After hearing Nicolas Sarkozy, the recently elected French president, lauded for his courageous campaign theme, “The French will have to work harder,” I read his book “Testimony: France in the Twenty-first Century.” I am amazed that the French people elected him, and am looking forward to seeing how his administration progresses.
Nicolas Sarkozy is a conservative who campaigned against the conservative establishment (this takes real skill), By any standard political measurement, Sarkozy, 52, could have been expected to lose the presidential election to left-wing Socialist Party standard bearer Ségolène Royal. Yet, Sarkozy’s hard work and focus on optimism and hopes for a better France led him to victory on May 6.
Before his election, Sarkozy wrote “Testimony,” a book criticized by some as intended to provide voters with background information that would make the candidate more appealing.
Whatever the purpose of the book, it is an interesting read.
The first portion covers Sarkozy’s entry into politics, his early years and the formation of his belief system. He conveys an earnestness and idealism that is refreshing. Sarkozy’s idea that “politics has meaning only when its objective is to give hope to millions of people” reflects the belief of a man focused on people first but with an understanding of how politics works and the skills required to achieve his ambitious goals for France.
Referring to the fact that memos cannot replace meetings, he notes that “No file, however carefully prepared, can replace in-the-field experience.”
However, despite his idealism and optimism, Sarkozy appears to favor measurements and outcomes over feelings and hopes. He expands on this line of reasoning when he states that, no matter how a law or regulation might sound when passed, it’s the implementation that matters. He encourages lawmakers to visit the front lines to see if their intentions have translated into the results they were seeking.
“The main characteristic of our society is the absence of hope, whereas the very goal of politics is to provide hope,” Sarkozy writes, outlining the current bleak social and economic reality faced by the French. However, he also promised that their future can be brighter if the French can work together and invent a better future.
Sarkozy displays his eagerness to “invent the future” and his ability to look for solutions outside normal channels in his recounting of a story that occurred when he was finance minister. Given a memo stating that Alstom, a French company then in dire financial straits, was to be purchased by Siemens, (which would have resulted in 25,000 French jobs disappearing), Sarkozy insisted that “the young and brilliant drafter of the memo rewrite it, this time taking the time to imagine what he would have written if his own father had worked for Alstom.” After restrategizing and rethinking, negotiations led by Sarkozy saved the company and the jobs.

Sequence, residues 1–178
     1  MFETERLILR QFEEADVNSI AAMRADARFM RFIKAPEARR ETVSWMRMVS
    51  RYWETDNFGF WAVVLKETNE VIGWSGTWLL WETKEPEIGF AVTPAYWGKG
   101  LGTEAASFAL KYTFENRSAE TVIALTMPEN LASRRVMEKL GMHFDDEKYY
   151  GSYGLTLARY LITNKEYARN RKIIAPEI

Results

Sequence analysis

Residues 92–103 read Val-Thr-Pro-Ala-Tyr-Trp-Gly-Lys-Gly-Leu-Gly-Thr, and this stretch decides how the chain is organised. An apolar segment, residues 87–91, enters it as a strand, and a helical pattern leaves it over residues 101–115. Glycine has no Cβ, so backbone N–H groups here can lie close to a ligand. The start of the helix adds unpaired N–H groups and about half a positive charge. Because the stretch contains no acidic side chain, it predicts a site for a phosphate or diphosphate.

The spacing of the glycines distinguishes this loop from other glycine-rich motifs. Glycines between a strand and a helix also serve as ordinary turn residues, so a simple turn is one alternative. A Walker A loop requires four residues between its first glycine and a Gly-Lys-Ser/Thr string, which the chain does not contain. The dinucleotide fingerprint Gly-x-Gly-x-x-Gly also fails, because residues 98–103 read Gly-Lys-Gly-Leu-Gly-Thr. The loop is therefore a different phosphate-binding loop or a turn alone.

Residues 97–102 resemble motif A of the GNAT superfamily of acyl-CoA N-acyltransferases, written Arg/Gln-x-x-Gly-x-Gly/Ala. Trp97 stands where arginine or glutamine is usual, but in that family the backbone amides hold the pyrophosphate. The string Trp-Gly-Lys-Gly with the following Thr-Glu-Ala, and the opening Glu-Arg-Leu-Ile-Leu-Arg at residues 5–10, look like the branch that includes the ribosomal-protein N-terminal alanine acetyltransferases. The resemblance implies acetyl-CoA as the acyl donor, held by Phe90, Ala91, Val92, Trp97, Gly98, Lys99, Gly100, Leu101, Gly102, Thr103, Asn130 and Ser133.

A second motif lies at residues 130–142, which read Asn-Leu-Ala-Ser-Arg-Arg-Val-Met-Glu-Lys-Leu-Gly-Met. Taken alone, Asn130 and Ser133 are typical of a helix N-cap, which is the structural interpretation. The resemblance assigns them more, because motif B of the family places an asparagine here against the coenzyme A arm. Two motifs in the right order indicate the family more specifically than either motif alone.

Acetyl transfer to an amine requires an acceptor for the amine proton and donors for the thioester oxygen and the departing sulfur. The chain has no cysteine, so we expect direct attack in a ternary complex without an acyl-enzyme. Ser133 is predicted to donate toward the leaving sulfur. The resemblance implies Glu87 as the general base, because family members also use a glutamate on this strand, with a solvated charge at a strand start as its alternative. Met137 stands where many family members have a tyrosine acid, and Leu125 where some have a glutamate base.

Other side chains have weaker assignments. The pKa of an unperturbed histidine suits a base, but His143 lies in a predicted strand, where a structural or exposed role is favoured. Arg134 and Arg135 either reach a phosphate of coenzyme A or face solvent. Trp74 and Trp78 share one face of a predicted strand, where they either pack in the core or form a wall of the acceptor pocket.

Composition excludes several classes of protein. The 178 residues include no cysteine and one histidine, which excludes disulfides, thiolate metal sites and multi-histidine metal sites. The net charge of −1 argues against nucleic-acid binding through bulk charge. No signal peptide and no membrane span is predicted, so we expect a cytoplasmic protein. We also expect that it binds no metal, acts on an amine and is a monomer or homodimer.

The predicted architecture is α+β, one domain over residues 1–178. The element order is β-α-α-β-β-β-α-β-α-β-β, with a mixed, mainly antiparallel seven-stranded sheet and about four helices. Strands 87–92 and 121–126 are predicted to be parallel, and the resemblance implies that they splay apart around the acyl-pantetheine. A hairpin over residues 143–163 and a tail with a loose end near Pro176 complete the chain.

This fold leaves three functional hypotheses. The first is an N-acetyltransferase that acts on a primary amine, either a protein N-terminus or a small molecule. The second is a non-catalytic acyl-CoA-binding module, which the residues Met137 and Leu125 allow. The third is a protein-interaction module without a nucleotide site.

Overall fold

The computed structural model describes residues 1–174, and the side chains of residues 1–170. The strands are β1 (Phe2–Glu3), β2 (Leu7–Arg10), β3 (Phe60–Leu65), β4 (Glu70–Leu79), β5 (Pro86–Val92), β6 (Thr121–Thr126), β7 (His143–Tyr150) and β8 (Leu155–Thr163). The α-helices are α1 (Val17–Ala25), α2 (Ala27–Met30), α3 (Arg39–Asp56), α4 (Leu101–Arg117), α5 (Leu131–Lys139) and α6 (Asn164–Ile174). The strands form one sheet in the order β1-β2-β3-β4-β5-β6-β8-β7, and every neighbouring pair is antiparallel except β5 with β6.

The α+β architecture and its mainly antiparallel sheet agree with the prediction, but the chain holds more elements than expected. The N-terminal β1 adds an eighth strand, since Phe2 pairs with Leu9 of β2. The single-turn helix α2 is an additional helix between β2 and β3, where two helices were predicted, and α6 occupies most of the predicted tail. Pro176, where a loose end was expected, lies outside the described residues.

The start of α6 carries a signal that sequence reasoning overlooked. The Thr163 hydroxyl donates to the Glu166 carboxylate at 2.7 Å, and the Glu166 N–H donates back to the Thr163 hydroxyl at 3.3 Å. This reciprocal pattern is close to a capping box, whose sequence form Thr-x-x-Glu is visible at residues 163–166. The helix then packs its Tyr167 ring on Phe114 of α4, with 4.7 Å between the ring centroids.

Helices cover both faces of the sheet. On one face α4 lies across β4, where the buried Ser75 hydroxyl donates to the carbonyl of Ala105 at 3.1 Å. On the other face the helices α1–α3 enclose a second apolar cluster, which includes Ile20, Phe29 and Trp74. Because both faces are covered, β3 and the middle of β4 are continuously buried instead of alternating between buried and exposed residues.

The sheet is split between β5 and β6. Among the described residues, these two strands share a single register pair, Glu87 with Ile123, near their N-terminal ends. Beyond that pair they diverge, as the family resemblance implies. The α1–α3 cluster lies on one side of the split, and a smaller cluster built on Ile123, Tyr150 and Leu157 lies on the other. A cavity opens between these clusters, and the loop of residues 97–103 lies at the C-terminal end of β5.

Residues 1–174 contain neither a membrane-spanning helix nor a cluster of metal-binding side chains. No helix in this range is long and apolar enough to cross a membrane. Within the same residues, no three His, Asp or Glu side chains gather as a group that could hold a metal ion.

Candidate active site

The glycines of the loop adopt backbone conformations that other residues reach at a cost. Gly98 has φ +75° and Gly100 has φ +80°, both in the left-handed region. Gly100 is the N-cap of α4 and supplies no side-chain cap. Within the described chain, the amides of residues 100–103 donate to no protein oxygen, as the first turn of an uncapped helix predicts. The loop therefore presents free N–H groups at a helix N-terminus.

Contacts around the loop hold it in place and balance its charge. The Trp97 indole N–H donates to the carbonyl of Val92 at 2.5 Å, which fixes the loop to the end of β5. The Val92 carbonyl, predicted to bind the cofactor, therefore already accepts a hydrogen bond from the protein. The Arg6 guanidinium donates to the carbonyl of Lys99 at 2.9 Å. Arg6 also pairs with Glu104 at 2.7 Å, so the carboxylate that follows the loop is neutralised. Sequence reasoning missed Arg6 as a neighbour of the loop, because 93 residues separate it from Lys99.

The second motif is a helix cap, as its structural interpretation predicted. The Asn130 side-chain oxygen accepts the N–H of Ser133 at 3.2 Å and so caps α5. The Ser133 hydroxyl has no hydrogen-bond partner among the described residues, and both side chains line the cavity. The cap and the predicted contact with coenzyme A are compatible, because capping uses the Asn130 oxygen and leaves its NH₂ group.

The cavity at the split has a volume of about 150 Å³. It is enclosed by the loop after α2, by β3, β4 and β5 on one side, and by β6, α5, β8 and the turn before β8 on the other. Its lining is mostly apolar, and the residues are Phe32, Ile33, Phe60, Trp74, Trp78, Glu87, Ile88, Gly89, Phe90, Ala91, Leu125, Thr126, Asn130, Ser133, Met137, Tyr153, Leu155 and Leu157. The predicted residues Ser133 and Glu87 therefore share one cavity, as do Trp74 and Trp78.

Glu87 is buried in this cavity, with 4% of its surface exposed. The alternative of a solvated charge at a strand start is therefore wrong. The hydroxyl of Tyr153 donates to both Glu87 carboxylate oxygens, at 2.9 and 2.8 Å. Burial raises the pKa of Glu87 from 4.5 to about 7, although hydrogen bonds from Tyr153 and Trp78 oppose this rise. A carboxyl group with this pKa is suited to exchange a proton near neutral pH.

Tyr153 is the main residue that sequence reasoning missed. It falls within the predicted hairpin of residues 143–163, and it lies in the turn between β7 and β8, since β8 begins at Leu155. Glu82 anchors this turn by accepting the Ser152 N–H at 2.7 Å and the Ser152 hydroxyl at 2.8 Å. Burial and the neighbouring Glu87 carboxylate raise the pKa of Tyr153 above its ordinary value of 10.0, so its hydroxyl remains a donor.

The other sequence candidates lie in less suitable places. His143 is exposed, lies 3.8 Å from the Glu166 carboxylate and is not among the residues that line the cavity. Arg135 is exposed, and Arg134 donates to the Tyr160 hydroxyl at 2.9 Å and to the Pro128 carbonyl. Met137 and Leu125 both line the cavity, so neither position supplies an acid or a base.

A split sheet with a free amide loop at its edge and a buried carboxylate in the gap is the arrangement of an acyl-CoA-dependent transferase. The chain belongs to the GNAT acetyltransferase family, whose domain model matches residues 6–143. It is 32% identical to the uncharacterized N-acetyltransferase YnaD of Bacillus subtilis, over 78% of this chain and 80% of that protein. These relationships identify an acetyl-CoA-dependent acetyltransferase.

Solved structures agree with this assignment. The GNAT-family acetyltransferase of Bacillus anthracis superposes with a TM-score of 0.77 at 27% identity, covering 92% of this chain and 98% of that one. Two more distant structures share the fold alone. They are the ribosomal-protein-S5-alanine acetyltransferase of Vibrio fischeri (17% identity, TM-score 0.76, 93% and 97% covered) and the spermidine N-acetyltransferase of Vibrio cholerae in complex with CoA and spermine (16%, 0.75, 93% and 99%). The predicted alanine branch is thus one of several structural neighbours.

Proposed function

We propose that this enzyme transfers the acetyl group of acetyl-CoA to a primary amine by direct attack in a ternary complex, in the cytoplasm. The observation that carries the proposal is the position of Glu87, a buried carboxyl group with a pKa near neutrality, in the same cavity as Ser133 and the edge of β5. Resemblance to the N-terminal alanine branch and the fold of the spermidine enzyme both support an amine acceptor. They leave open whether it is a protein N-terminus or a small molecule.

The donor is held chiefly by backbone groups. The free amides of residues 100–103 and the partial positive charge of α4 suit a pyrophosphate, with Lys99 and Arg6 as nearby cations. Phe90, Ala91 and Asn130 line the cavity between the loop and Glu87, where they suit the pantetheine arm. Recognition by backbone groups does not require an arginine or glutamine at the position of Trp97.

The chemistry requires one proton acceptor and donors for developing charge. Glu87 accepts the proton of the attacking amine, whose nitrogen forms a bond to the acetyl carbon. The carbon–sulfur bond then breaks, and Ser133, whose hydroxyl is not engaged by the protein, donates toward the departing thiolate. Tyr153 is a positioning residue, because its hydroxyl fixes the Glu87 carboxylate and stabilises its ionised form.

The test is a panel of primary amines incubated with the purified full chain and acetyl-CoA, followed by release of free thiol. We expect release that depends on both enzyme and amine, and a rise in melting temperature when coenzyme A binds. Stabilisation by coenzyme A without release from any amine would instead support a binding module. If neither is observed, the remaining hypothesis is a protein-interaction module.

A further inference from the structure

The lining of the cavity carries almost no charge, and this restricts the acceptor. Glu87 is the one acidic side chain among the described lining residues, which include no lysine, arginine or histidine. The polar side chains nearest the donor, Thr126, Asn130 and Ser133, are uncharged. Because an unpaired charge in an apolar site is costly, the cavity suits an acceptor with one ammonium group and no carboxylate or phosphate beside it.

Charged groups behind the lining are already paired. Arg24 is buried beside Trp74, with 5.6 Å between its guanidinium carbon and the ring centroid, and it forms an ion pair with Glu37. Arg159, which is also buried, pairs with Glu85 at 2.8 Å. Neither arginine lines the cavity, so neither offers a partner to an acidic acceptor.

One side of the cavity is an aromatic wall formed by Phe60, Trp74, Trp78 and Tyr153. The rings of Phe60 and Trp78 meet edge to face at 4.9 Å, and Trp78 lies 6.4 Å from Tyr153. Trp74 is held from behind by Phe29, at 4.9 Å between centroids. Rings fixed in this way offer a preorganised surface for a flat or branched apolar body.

Describing an attitude common among entrepreneurs, Sarkozy tells his readers that “One of the reasons for our tendency to stand still is that we wait for the perfect solutions before starting to act. This is useless, because nothing as a result gets done. ….. trying, experimenting, taking the local pulse, reversing course if things aren’t working and moving forward if they’re working well.” While it might not be best to reverse course, but to instead move sideways and rework, the idea of forward movement is exactly right and what enables companies such as Google to continually innovate. The focus is on faster iterations and reinventions rather that waiting until the product is perfect.
Yet, what applies in the corporate world does not always translate into government. Administrations are often forced to decide upon issues rapidly – sometimes too rapidly. Some might say the recent performance of the Bush administration provides support for Sarkozy’s belief that “Being in the government is probably the worst place in the world to think.”
Sarkozy mentions that the French people must work harder to create a better future. He describes the damage done by the current 35 hour work week, which was instituted a few years ago by the Socialists. Instead of advocating getting rid of the time limit, Sarkozy ingeniously argues for making all overtime income tax free in order to incentivize more work so that “by working more we will create more jobs.” Sarkozy insists that “in this new France, work, effort, and merit will pay off.” These almost sound like traditional American thoughts, valuing a strong work ethic.
Amazing that the a country known for incredible bread, wine, cheese and a leisurely lunch has decided that more work for a better future is a good idea.
The book ends with: “To all of you, I say: anything is possible if we work together.”
While “Testimony” might not make me want to move to France, it does make me want to visit Paris and see the impact of the new administration.
Sarkozy’s strategy of trying to “convince the French and, by taking action, restore their hope” appears to have been successful so far. He has taken the first step of persuading his countrymen to elect him. It will be interesting to see if he now can energize the French people to work harder, take action, and regain their hope.
The world is watching, mes amis, we wish you well.